Windows

Understand the DHCP lease process for Windows 2000 Server

DHCP is a very simple and efficient protocol in Windows 2000 Server. When clients request an IP address and other configuration data from DHCP, they don't have full TCP/IP initialized (because they don't have an IP address), so instead they use broadcasts to find DHCP servers. Get the basics on the DHCP lease process.

DHCP is a very simple and efficient protocol in Windows 2000 Server. When clients request an IP address and other configuration data from DHCP, they don't have full TCP/IP initialized because they don't have an IP address, so instead they use broadcasts to find DHCP servers.

The first packet broadcast is DHCPDiscover. As the name indicates, the client tries to discover all DHCP servers on the network. Because the client doesn't have a valid IP address, it uses 0.0.0.0 as the source address and sends the packet as a broadcast to a local network.

When DHCP servers get this packet and they have an IP address to lease to the client, they reply with DHCPOffer. This contains the IP address and additional configuration information (like subnet mask and default gateway) that the DHCP server can lease to the client.

Sometimes clients might receive multiple DHCPOffer packets from several different DHCP servers. In this case, they select the server that responded first and send it the DHCPRequest packet. This packet confirms which DHCP server (and thus which IP configuration data) was selected. All other DHCP servers rescind their offers, and the chosen one sends a DHCPAck message.

DHCPAck acknowledges the lease and provides additional configuration data. Once clients have this packet, they have all the TCP/IP configuration data they need to communicate with other computers that use the TCP/IP protocol.

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5 comments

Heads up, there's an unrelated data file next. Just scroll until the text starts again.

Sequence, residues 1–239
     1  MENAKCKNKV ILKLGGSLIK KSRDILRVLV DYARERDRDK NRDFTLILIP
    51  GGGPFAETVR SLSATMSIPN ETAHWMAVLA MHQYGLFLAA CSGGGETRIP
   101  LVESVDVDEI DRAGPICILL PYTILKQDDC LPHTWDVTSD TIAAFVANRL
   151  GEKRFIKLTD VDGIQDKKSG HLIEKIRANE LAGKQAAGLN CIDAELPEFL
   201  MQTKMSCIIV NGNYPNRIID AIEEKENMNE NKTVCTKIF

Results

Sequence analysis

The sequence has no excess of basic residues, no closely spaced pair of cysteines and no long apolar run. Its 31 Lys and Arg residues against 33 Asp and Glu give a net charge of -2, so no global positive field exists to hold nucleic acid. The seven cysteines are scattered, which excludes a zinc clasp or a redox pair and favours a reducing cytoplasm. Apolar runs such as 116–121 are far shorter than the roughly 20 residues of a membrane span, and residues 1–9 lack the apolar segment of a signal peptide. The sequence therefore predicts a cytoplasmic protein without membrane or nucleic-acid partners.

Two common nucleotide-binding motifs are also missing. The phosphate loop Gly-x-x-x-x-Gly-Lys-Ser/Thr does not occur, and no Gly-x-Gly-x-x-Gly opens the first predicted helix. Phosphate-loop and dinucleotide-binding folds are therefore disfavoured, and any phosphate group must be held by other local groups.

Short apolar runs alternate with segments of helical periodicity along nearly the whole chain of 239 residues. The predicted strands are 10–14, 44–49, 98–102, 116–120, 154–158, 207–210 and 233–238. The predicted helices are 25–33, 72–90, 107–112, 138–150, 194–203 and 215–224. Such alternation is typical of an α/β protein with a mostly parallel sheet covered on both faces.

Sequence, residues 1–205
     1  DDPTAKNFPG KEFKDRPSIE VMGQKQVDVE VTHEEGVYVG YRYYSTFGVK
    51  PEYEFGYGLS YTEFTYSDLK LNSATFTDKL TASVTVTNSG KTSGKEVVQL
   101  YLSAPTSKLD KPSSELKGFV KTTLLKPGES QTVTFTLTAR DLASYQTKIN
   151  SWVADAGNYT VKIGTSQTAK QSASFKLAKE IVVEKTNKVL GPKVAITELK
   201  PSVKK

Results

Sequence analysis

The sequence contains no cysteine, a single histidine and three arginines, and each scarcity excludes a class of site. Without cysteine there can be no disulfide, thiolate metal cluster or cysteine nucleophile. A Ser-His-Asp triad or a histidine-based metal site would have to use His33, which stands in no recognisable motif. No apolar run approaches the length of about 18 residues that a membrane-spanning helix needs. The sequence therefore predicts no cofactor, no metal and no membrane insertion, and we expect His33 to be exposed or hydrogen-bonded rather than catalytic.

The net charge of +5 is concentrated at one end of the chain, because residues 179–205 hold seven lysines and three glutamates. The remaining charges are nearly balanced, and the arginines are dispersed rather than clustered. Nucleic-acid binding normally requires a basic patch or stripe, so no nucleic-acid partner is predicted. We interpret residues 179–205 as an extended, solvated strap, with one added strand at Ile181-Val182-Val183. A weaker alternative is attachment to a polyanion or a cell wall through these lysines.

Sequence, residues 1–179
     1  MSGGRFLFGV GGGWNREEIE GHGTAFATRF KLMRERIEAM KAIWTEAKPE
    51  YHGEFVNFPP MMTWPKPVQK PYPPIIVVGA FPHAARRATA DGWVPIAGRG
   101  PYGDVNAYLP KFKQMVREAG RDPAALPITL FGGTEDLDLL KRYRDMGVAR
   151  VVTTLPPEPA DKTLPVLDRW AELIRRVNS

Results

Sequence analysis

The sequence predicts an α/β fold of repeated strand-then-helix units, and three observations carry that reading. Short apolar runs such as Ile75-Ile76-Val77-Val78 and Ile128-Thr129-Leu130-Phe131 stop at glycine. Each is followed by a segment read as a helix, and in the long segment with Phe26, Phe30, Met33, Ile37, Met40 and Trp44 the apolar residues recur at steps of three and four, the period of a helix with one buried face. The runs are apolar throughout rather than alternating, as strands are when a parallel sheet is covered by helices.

irshadbaba2002
irshadbaba2002

how to configure isa server with win2000 server domain

Chris Saunders
Chris Saunders

...but what happens when two clients request an address at the same time? Surely they'd both pick up the first DHCPOffer they see and both start using the same IP address? Obviously the server would only ack one of them, but how would they know which one was successful and which one wasn't?

InvisibleBoss
InvisibleBoss

As long as the request for an IP lease is sent to the same DHCP server, the server deal with the requests subsequently, even if two units request "at the same time". The IP address is bound to each unit's MAC address, and cant me "mixed" at the DHCP server. Still IP conflicts do happen, but rarely because the DHCP server "misses". The most likely reasons for a conflict are: 1. A unit (PC) has a FIXED IP address set up within the range the DHCP server uses. 2. A unit got a leased IP address, and the DHCP server for some reason shuts down, and restart. In such situation, the server will restart without a lease database. The "started" unit (PC) will maintain the "leased" IP, but the server MIGHT lease the same address to a unit started AFTER this. 3. There are multiple DHCP servers in the network (servers or routers). And they are wrongly set, overlapping each other. Most likely happen when aditional routers are installed in (SOHO) nets, and one forget to disable the DHCP server function.

mmoran
mmoran

... so I'm thinking that if the offer is tagged with the client's MAC then there wouldn't be any confusion. If this isn't the case, hopefully the author or another reader will provide the correct explanation.

rickky
rickky

What is the best lease duration to use on a DHCP server? Our network doesn't change alot, but most servers use 8 hours for a lease. Would it cut down network traffic much to reset the duration to 24 hours or up to a week?